Is ‘Tom and Jerry’ Really Racist?
The premise of “Tom and Jerry,” the 75-year-old madcap slapstick cartoon about a feuding cat and mouse, is as innocuous as it is endlessly entertaining. But as with any show that was created in the 1940s, some of its tropes could be deemed politically incorrect or offensive today. You’d be hard-pressed to find a character like Mammy Two Shoes, a heavyset black maid whose face is obscured in all but one “Tom and Jerry” episode, on the Disney Channel today.
So while Amazon has recently added “Tom and Jerry” to its video streaming service, they made sure to include a racism disclaimer: a warning that “Tom and Jerry” contains “some ethnic and racial prejudices that were once commonplace in American society.”
Characters like Mammy Two Shoes “were wrong then and are wrong today,” the warning reads, incensing some fans of the seven-time Academy-Award winning show. “I loved Tom and Jerry as a kid and it never made me think poorly of ethnic minorities or want to smoke cigars,” one tweeted. Another “watched Tom and Jerry since the 60s this is the 1st time I’ve ever heard the R word in relation to it. PC madness!”
Meanwhile, British cultural commentator and sociology professor Frank Furedi declared Amazon’s warning “empty-headed” and excoriated a kind of “false piousness” and culture of censorship that “seems to be sweeping cultural life.”
Cartoon historian Jerry Beck agrees. “Amazon seems to have forgotten that ‘Tom and Jerry’ was made for adults as much as it was for children,” Beck told The Daily Beast. “[Amazon] should be showcasing ‘Tom and Jerry’ among classic movies in a way that gives them cultural context,” he said. “The advisory is really meant to warn parents that the cartoon may include things like smoking or the black housekeeper that they might have to explain to their children.”
It’s hardly the first time the beloved cat and mouse frenemies have run into controversy. In 2013, two episodes were pulled from the second installment of Warner Brothers’ Golden Collection because they featured Tom and Jerry “blacked up.”
Fans thought the collection would feature every episode of the comedy since its creation, but “Casanova Cat” and “Mouse Cleaning,” two episodes from 1951 and 1948 with obvious race references that had previously been censored on broadcast television, were cut from the collection. “Casanova Cat” features Tom wooing a glamorous female feline by darkening Jerry’s face with cigar smoke and making him do a minstrel dance. And in “Mouse Cleaning,” Tom uses his “blackface” to trick Mammy Two Shoes.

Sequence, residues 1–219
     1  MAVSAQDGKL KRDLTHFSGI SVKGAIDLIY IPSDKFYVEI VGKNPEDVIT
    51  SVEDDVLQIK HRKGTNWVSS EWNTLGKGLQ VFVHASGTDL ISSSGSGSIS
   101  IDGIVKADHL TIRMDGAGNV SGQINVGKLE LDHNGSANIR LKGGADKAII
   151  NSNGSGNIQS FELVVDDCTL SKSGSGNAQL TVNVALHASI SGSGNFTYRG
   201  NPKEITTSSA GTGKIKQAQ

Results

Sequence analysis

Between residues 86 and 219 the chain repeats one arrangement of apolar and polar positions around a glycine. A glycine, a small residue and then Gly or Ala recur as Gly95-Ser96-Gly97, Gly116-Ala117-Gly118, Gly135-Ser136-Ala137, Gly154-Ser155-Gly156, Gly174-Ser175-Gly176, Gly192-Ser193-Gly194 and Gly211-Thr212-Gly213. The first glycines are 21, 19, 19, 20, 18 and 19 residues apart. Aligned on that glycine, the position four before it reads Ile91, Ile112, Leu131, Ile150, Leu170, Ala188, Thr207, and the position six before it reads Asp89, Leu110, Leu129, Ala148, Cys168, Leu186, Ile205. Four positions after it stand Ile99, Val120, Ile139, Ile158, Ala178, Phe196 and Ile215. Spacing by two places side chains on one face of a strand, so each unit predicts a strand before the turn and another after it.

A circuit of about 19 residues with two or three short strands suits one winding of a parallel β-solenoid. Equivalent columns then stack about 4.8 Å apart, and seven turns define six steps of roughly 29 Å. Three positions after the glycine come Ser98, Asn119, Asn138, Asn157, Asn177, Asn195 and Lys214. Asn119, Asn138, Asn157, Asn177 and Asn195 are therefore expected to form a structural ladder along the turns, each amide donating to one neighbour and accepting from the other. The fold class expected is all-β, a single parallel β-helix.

The cartoon’s creators, William Hanna and Joseph Barbera, had trouble pitching it to broadcast networks in 1975, after they retrieved rights from MGM. “We showed them (the network folks) five of the old ‘Tom and Jerrys’ and they laughed so hard they had tears in their eyes,” Barbera told the Associated Press at the time. “Then they said, ‘We can’t use them. If we put those on we’ll get killed,’” he said, referring to standards instituted several years earlier by parents’ activist groups pushing for less violence on TV. The criticism prompted Hanna and Barbera to create more “socially acceptable” episodes (in 1975, they hadn’t sketched any new “Tom and Jerry” shorts in 18 years).
There are plenty of other outdated stereotypes in “Tom and Jerry”—sexist attitudes, for example—but Amazon chose to focus on race. (Amazon could not be reached for comment.) Indeed, race has become an increasingly hot-button issue in the last 10 years, so much so that we are either censoring references to racial stereotypes or issuing trigger warnings about them—sometimes at the expense of cultural and historical literacy.
When Whoopi Goldberg introduces a 2005 Looney Tunes Golden Collection, she addresses its politically incorrect themes, stressing that “they are presented here to accurately reflect a part of our history that cannot and should not be ignored” and that “removing these inexcusable images and jokes from this collection would be the same as saying [these prejudices] never existed.”
It’s understandable that big companies are pointing out that the outdated ethnic stereotypes in these old cartoons could cause offense. But as Goldberg noted, it’s important to understand their historical context. There were few countries that were built on such a multiethnic foundation, where differences were so profound—where language, cultural mores, and ritual changed from block to block—that racial and national stereotypes were an obvious outlet for humor in cartoons.
And in the age of South Park and Family Guy, not much is going to shock us in a “Tom and Jerry” cartoon.